The Hitman’s Bodyguard *** ½
*ing: Samuel L. Jackson, Ryan Reynolds, Gary Oldman, Salma Hayek
Directed by Patrick Hughes
When it comes to this R-rated action comedy, the joke is all in the title. Professional killer-for-hire Darius Kincaid (Samuel L. Jackson) needs bodyguard Michael Bryce (Ryan Reynolds) to protect him from England to the Hague, where the hit man is set to testify against a Belorussian tyrant (Gary Oldman, doing everything he can with a boxed-in role). In exchange, Darius’ wife, Sonia, will earn a get-out-of-jail-free card – she’s played by Salma Hayek, who’s almost excuse enough to see this movie. Her swearing is some kind of profane poetry. And boy, can she kick ass.
Did we mention that Darius and Michael really hate each other? So there’s that, plus tons of fights and car chases and boat chases to distract you from the recycled plot. The script by Tom O’Connor is a throwback to the glory days of Shane Black (The Last Boy Scout, The Long Kiss Goodnight and the immortal Kiss Kiss Bang Bang), but unfortunately, Black isn’t around to do tune-ups. Patrick Hughes directs with all the originality and verve that you’d expect from the dude who gave us The Expendables 3. But all is not lost, not when Reynolds and Jackson are present and accounted for, constantly cracking wise.
And Reynolds may be doing his quips with the same sneer routine he deployed in Deadpool (minus the superhero drag), but it never gets old … or at least it hasn’t so far. Reynolds and Jackson make this summer lunacy go down easy with their banter and bullet-dodging skills. They’re the only reason that The Hitman’s Bodyguard doesn’t completely sink into the generic quicksand from whence it came.
Logan Lucky ****
*ing: Channing Tatum, Adam Driver, Daniel Craig
Directed by Steven Soderbergh
Steven Soderbergh, the Oscar-winning director of Traffic (2000) and films as diverse as Sex, Lies, and Videotape (1989), Kafka (1991), his two-part biopic Che (2008) and The Girlfriend Experience (2009), returns to features after a four year absence with a cool breeze of summertime sweetness called Logan Lucky. On the surface, this let’s-rob-a-racetrack caper looks like a redneck spin on Ocean’s 11, his starry (Clooney, Pitt, Damon) 2001 box-office hit. And in some ways it is.
Soderbergh is too inventive and intuitive a filmmaker to be content with a lazy heist film. Set in Trump country, a blue-collar South of lost jobs and broken dreams, it’s a terrific, twisty, funny-as-hell crime flick about so-called hicks who decide that making America great again starts right at home.
Channing Tatum, Soderbergh’s own Magic Mike, is a rogue charmer as Jimmy Logan, a West Virginia country boy who’s just lost a construction gig due to a football injury that left him with a limp. His personal life is similarly hobbled by Bobbie Jo (Katie Holmes), the ex-wife who won custody of their daughter. Jimmy drowns his sorrows at a roadside bar run by his brother Clyde (Adam Driver, a deadpan delight), a war vet whose souvenir from Iraq is a prosthetic lower left arm. The siblings hatch a plan to rob the Charlotte Motor Speedway in North Carolina on Memorial Day weekend; having worked the track’s underground, Jimmy knows that’s where the money is funneled. And, hey, as a getaway driver they can use their speed-demon sis Mellie (Elvis’ grandkid Riley Keough)!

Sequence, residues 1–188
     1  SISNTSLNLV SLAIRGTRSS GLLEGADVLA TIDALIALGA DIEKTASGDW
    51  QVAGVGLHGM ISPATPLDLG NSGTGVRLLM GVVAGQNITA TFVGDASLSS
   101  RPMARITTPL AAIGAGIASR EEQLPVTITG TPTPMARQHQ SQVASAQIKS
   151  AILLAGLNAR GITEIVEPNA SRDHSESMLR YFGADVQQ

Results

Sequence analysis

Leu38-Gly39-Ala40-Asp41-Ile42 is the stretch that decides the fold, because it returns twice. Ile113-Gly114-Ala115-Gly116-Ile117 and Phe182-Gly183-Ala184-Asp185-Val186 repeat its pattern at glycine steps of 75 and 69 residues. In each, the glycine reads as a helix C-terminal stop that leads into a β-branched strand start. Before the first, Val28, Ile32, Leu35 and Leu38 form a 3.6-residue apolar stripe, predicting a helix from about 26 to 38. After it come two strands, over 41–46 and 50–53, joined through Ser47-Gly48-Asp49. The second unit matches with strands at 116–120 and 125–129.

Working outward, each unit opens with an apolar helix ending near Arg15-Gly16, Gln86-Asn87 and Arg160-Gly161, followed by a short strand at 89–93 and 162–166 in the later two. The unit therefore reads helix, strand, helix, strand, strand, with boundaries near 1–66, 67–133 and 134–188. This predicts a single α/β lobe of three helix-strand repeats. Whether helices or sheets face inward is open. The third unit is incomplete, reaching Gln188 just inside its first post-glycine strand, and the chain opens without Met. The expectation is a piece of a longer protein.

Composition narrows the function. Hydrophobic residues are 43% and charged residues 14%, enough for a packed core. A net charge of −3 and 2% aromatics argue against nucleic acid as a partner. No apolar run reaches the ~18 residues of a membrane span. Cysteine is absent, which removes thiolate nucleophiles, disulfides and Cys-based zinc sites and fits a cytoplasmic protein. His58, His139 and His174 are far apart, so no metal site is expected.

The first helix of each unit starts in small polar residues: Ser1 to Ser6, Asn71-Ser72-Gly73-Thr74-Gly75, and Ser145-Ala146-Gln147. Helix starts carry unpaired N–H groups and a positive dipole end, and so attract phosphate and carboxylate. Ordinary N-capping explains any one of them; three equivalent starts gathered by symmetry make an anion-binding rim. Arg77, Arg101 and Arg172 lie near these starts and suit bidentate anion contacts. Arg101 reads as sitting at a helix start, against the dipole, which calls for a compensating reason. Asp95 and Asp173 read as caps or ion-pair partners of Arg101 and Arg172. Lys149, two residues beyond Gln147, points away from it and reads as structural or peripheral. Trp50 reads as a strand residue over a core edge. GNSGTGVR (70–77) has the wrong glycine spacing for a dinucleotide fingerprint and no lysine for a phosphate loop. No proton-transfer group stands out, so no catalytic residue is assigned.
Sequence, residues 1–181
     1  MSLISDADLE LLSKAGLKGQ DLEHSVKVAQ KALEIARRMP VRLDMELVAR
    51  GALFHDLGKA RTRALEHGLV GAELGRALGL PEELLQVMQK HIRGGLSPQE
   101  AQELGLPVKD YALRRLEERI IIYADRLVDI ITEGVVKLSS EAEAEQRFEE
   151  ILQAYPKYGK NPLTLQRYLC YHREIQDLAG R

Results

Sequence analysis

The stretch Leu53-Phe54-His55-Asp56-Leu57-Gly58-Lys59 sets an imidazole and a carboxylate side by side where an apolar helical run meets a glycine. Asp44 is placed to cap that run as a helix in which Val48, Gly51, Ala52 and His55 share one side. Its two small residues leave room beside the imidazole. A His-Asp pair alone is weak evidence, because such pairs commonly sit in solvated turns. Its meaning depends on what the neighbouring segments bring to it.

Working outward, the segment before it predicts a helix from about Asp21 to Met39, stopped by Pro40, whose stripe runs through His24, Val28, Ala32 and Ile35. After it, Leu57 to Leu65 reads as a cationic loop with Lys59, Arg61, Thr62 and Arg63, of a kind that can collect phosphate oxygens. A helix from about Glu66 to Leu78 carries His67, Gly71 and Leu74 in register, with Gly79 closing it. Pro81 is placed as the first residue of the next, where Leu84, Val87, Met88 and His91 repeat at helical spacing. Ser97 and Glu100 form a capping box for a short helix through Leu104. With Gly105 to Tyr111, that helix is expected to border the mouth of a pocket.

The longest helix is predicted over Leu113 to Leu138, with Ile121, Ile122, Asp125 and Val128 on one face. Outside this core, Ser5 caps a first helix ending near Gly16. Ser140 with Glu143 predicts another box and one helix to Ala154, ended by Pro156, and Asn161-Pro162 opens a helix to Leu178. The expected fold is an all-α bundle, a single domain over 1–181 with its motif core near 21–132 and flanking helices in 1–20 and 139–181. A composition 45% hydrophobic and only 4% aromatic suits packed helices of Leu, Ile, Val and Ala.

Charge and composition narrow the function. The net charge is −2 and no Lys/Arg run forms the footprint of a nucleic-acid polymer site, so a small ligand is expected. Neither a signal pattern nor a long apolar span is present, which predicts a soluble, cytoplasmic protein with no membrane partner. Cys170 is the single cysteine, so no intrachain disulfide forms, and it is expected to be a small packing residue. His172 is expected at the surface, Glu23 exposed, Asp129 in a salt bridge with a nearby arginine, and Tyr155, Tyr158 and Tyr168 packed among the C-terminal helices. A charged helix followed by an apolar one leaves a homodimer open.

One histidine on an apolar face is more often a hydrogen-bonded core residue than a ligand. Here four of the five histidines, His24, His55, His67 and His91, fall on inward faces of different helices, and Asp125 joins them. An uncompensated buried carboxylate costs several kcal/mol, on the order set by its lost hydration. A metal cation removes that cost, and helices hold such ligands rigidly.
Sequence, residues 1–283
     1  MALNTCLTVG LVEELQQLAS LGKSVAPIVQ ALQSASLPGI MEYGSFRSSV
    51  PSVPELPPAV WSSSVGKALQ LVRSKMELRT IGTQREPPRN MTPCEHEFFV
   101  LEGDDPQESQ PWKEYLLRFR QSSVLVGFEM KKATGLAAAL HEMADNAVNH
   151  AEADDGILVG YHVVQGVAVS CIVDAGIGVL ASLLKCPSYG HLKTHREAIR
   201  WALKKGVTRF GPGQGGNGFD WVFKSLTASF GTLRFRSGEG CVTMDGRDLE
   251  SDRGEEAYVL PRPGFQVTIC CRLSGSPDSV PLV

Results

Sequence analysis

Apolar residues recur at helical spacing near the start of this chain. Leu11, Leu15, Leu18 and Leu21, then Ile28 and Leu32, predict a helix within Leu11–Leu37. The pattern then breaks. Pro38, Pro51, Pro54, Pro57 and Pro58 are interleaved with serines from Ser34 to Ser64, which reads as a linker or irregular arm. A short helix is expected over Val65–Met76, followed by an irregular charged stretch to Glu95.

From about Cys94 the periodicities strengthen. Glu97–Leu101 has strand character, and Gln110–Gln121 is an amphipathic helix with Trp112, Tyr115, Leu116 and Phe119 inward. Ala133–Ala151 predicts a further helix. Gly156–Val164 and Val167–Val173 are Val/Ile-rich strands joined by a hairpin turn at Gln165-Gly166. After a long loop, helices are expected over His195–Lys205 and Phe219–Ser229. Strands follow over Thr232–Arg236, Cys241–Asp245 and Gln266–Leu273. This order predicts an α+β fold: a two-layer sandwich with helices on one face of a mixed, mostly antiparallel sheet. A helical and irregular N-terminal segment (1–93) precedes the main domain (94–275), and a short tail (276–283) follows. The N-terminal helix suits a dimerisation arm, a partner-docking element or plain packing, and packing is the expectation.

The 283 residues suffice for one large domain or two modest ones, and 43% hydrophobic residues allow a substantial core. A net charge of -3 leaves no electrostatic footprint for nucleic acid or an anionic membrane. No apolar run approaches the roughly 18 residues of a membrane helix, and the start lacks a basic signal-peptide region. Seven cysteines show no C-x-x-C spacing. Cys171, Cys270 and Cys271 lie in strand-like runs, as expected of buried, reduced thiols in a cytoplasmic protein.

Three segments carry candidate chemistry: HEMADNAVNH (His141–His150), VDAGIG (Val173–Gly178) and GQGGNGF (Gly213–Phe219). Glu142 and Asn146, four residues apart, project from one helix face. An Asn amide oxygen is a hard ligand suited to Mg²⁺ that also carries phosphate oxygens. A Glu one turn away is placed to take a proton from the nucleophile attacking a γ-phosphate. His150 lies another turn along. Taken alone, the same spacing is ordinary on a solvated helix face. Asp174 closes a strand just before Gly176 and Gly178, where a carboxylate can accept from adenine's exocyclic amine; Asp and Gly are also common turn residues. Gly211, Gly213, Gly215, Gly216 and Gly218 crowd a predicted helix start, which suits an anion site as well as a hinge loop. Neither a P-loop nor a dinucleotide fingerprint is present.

For professional help, the Logans turn to an explosives expert aptly named Joe Bang – played by an off-the-chain hilarious Daniel Craig, complete with a holy-shi*t! blond buzzcut and hillbilly twang. (His screen credit reads: “And Introducing Daniel Craig.” Good one.) You’ll be pleased to learn that Bang delivers what his name promises – of course, he has to be sprung from jail first and then snuck back in before the guards catch wise. Soderbergh plots and paces the underground robbery – fast cars roaring overhead – with the skill of, and we mean this as a compliment, a born thief. Cheers, too, for first-time screenwriter Rebecca Blunt for keeping the surprises coming (let’s assume she’s real); ditto Seth MacFarlane and Hilary Swank in supporting roles too good to spoil.
Haven’t we seen this all before? Maybe. But Soderbergh takes his time with each of these two-bit crooks, so we get to know them as people instead of white-trash stereotypes. It’s not dawdling – it’s an attention to character that makes all the difference. The late, great Robert Altman was known for such putative toss-offs (think California Split or The Long Goodbye) that play like a party yet still linger in the memory. Logan Lucky belongs in that pleasurable company. It’s true that any hack can string together the elements of a heist film – suspense, humor, convoluted plot, trick ending. Soderbergh, however, knows how to make those babies dance.
Rating system: *Not on your life * ½ If you really must waste your time ** Hardly worth the bother ** ½ Okay for a slow afternoon only *** Good enough for a look see *** ½ Recommended viewing **** Don’t miss it **** ½ Almost perfect ***** Perfection